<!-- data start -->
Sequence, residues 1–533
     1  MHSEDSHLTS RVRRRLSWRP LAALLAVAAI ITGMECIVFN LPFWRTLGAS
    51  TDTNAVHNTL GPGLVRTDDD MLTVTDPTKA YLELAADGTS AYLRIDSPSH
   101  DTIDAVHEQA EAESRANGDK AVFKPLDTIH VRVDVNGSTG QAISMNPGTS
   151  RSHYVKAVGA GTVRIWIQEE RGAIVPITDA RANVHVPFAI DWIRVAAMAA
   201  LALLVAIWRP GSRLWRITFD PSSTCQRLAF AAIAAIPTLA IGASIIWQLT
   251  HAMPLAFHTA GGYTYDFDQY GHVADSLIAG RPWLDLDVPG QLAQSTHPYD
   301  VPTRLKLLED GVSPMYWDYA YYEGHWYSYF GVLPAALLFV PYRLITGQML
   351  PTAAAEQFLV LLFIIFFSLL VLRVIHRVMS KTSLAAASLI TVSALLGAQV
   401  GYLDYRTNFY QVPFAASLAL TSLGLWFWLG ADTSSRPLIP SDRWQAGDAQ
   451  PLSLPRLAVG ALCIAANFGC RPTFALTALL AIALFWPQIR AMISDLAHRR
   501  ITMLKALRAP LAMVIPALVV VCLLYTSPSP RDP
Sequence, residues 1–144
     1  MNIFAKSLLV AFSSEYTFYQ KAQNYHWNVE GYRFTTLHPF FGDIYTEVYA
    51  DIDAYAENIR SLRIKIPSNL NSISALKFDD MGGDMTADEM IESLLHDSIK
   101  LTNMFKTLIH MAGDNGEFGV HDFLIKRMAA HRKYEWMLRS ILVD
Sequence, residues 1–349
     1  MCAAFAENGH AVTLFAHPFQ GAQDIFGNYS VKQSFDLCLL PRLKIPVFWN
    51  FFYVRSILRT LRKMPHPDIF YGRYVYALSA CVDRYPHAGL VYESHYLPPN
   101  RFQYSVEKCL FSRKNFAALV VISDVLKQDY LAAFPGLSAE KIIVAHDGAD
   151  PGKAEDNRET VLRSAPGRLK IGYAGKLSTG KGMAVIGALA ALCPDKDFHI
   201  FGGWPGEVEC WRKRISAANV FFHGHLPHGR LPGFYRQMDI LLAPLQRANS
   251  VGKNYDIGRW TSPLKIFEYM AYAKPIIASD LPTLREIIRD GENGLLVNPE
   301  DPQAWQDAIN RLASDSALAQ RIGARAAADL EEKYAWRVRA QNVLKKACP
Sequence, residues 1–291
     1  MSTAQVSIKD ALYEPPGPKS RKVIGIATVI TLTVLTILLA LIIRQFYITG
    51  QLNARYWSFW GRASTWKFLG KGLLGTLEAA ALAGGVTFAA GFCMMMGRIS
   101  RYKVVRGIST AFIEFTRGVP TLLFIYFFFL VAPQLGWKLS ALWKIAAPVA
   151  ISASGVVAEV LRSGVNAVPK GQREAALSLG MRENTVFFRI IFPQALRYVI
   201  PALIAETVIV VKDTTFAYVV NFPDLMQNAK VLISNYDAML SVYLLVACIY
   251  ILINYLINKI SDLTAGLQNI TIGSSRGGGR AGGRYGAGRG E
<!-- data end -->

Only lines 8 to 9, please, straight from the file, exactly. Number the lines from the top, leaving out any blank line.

   301  VPTRLKLLED GVSPMYWDYA YYEGHWYSYF GVLPAALLFV PYRLITGQML
   351  PTAAAEQFLV LLFIIFFSLL VLRVIHRVMS KTSLAAASLI TVSALLGAQV